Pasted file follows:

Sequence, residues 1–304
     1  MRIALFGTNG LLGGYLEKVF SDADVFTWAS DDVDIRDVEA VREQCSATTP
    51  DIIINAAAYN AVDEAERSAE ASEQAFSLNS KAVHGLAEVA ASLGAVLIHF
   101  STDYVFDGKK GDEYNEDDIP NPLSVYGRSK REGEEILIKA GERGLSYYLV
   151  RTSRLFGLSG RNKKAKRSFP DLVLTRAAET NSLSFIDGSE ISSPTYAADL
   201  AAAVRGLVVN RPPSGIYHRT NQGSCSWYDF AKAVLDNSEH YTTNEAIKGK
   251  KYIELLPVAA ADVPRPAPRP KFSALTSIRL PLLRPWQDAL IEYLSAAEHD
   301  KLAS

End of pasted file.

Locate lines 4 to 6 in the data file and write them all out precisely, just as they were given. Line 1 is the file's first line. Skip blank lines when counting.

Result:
   101  STDYVFDGKK GDEYNEDDIP NPLSVYGRSK REGEEILIKA GERGLSYYLV
   151  RTSRLFGLSG RNKKAKRSFP DLVLTRAAET NSLSFIDGSE ISSPTYAADL
   201  AAAVRGLVVN RPPSGIYHRT NQGSCSWYDF AKAVLDNSEH YTTNEAIKGK